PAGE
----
A recent study found that 78% of generic drug labels are inconsistent with the labeling of the reference listed drug (Duke et. Al 2012).
While most of the differences were relatively minor, nearly one in ten were off by more than ten side effects. The researchers reviewed 9,105 labels representing over 1,500 drugs on DailyMed, a labeling repository maintained by the FDA and the National Library of Medicine (http://dailymed.nlm.nih.gov).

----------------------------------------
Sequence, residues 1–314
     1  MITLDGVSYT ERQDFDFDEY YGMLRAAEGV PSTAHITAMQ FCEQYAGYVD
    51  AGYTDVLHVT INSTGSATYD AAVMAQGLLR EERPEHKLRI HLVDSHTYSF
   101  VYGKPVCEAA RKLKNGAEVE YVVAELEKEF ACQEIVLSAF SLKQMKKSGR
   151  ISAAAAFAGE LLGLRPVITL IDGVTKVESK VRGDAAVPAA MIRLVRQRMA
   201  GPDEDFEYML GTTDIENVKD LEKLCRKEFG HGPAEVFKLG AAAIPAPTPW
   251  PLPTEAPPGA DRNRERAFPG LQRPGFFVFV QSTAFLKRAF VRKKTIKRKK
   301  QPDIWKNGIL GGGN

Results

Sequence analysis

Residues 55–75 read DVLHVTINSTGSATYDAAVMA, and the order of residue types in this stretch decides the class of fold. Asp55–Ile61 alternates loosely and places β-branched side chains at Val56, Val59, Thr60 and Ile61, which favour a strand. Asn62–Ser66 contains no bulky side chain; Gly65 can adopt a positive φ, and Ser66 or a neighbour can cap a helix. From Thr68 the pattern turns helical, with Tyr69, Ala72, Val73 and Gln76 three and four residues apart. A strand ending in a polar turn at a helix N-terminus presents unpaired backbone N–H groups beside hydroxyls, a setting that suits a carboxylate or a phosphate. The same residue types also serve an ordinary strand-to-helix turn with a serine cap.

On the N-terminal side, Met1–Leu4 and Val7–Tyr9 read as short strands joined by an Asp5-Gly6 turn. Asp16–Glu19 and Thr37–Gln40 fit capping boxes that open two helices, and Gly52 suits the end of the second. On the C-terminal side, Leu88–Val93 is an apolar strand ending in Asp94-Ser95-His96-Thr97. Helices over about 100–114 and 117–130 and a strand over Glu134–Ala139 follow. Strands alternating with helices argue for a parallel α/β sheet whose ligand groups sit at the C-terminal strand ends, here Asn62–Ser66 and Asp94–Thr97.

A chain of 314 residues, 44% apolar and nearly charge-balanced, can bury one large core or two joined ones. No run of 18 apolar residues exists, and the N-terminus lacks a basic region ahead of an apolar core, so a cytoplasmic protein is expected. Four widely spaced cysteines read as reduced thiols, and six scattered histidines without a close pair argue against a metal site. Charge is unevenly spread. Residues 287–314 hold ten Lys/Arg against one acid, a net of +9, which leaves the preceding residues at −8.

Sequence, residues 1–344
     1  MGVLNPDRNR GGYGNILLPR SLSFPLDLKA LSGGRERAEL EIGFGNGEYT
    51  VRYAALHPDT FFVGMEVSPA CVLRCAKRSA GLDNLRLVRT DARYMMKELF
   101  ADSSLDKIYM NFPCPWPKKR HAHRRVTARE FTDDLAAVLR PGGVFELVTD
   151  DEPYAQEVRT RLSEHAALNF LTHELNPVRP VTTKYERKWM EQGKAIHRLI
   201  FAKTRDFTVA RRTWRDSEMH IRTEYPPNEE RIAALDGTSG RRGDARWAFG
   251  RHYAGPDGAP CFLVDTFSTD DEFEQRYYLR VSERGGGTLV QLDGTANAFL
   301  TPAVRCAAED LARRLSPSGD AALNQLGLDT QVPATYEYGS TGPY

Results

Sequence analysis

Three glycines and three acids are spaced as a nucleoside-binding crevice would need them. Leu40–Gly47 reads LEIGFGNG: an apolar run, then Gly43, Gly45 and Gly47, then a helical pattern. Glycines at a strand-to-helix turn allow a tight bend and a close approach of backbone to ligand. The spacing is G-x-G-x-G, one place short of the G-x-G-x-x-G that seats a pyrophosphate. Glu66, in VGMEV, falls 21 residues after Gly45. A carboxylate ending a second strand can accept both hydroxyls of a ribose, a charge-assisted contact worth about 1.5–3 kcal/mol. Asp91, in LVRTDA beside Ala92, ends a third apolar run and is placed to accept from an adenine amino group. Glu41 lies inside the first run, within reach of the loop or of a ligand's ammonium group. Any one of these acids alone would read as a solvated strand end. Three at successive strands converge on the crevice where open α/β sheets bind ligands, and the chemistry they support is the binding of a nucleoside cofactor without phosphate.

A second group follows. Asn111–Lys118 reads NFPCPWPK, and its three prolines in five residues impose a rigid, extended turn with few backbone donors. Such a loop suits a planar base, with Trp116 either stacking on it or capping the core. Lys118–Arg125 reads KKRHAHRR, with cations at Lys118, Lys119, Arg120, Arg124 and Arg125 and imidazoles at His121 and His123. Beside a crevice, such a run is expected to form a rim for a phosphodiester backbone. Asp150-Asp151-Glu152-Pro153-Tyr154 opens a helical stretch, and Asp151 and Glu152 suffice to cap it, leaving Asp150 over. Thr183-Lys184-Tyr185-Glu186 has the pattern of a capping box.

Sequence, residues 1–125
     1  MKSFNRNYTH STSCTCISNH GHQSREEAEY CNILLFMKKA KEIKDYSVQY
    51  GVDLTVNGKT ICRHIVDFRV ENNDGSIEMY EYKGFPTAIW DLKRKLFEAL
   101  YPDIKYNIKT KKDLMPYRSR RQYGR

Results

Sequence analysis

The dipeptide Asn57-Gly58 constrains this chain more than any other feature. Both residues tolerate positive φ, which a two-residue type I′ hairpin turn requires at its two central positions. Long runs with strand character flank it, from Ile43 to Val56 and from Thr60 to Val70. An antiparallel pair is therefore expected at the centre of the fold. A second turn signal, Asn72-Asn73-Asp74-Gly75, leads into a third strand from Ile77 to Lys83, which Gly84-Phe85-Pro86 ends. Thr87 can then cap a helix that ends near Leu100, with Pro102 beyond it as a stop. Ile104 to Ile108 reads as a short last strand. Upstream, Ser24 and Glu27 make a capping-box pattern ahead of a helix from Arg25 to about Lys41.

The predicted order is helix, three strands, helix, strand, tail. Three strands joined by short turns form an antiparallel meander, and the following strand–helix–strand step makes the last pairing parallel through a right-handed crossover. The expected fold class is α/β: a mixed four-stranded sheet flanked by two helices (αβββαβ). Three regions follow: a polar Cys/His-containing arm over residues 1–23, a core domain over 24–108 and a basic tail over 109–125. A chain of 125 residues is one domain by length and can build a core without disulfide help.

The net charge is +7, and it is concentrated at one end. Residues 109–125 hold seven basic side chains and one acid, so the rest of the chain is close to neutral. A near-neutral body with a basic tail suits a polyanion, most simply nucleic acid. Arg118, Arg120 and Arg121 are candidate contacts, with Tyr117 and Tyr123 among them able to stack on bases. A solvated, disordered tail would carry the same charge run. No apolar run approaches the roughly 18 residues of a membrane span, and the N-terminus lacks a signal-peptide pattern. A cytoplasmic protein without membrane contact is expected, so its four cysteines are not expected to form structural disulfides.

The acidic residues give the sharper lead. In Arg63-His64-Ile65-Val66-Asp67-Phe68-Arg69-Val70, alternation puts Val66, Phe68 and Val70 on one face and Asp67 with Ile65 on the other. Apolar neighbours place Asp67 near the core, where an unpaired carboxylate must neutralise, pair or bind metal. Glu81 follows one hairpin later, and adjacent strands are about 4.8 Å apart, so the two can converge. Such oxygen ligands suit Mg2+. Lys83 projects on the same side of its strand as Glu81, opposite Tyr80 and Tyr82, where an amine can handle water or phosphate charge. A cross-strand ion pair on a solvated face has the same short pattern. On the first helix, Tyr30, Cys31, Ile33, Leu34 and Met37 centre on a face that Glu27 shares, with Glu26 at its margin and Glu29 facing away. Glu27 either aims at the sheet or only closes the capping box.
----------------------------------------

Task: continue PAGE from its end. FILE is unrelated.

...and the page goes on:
Generic labels must “…be the same as the labeling approved for the reference listed drug, except for changes required because of differences approved under a petition filed under 314.93 or because the drug product and the reference listed drug are produced or distributed by different manufacturers. Such differences between the applicant’s proposed labeling and labeling approved for the reference listed drug may include differences in expiration date, formulation, bioavailability, or pharmacokinetics, labeling revisions made to comply with current FDA labeling guidelines or other guidance, or omission of an indication or other aspect of labeling protected by patent or accorded exclusivity under section 505(j)(5)(F) of the act.) (21 CFR 314.94(a)(8)(iv) accessible at (http://www.accessdata.fda.gov/scripts/cdrh/cfdocs/cfcfr/cfrsearch.cfm).